Need some queer content to tide you over until the next season of 'Drag Race UK'? We've got you.
It’s no secret that the pandemic has been a major blow to the movie industry with filming postponed, projects cancelled and actors out of work. For independent queer cinema, the impact will be much deeper, without the same platform or funding opportunities. Now, it’s particularly important to celebrate new LGBTQIA+ narratives and back emerging queer filmmakers.
BFI Flare’s latest edition, which took place from 17-28 March did just that — bringing 26 features and 38 free shorts from 23 countries to the laptop screen via streaming. Highlighting upcoming names and giving space to the LGBTQIA+ community while most of their cultural venues remain close, it was a joyful celebration of queer creativity.
Below, we round up some of favourite films from the festival to put on your radar.
Rebel Dykes takes us straight into the world of post-punk dyke culture in 1980s London. Expertly mixing first person testimonies, animation and unseen archive, this documentary by Harri Shanahan and Sian Williams tells the stories of artists, performers, musicians, sex workers and activists who lived the subculture and, together, found their chosen family.
Brazilian YouTuber Thiessa Woinbackk wows in an impressive acting debut that sees her star as a resilient trans teen standing up for her rights. Directed by Cássio Pereira dos Santos, the eponymous Valentina cares more about cute boys and clubbing than activism but, as a trans person in today’s Brazil, she faces significant barriers, both social and bureaucratic.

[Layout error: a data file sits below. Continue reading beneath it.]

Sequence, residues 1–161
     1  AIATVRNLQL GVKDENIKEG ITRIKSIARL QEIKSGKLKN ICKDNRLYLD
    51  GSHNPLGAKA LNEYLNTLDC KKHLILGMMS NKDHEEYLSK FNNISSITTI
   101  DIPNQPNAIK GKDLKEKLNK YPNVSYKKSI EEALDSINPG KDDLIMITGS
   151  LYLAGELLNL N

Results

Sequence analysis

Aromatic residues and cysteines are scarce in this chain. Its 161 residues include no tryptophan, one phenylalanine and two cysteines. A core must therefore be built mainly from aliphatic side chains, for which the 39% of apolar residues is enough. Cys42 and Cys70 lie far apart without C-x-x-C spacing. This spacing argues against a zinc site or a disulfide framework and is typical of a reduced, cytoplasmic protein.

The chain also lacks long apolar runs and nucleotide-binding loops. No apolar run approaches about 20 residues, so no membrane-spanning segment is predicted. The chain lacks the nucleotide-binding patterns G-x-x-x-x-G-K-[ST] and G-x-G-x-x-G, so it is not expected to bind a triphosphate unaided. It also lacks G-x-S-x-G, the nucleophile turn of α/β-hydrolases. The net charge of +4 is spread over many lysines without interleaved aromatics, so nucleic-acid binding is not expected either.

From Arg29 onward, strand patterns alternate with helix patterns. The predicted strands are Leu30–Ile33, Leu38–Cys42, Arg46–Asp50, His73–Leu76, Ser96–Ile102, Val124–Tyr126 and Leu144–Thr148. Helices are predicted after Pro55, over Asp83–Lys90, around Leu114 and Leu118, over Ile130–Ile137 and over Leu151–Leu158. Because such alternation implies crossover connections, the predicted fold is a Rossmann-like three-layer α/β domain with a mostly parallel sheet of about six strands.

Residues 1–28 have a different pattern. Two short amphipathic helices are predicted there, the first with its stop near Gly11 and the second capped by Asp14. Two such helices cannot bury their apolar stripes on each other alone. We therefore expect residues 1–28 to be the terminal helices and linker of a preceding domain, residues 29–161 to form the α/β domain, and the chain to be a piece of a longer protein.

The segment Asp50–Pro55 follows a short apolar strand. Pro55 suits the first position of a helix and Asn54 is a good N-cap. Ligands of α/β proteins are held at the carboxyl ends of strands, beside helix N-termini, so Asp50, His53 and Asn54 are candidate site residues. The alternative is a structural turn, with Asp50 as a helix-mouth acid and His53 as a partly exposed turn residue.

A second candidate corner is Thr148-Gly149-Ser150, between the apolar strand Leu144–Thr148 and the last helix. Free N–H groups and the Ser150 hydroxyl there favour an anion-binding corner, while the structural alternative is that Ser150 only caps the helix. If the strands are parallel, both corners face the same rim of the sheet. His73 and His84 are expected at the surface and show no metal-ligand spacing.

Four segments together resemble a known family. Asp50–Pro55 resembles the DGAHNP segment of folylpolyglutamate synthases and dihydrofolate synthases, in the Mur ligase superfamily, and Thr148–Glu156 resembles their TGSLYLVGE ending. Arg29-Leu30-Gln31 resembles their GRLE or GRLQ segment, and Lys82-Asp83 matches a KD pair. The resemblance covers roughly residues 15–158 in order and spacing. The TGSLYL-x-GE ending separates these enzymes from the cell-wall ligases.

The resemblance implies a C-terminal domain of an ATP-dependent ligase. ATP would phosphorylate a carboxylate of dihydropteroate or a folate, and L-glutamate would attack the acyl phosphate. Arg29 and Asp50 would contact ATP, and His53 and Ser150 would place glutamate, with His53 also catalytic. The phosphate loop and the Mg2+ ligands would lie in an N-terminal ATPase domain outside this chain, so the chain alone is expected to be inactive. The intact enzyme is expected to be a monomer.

Shana Myara’s documentary focuses on fat and fierce babes in Canada who are using their creativity to clap back at a diet culture that seeks to shrink marginalised bodies. Here, fatness, queer identity and race intersect in unique ways that rarely get represented in film, underlined with gorgeous animation.
Colours of Tobi
Alexa Bacony’s documentary centres on a family grappling with teenage gender dysphoria against the backdrop of an increasingly conservative Hungary, where trans rights are currently being stripped back. It’s a steep learning curve for the family of Tobi, a young non-binary person, to re-evaluate the deeply ingrained gender norms in this rural corner of Central Europe but eventually love wins the day.
Boy Meets Boy
Daniel Sánchez López’s debut feature film, Boy Meets Boy is a classic tale of love and coming of age, seeing Harry and Johannes fall for one another after a chance encounter on the dance floor in Berlin. Rooted in realism and with a contemporary perspective, expect a fresh look at queer love, identity and power dynamics.
29 March 2021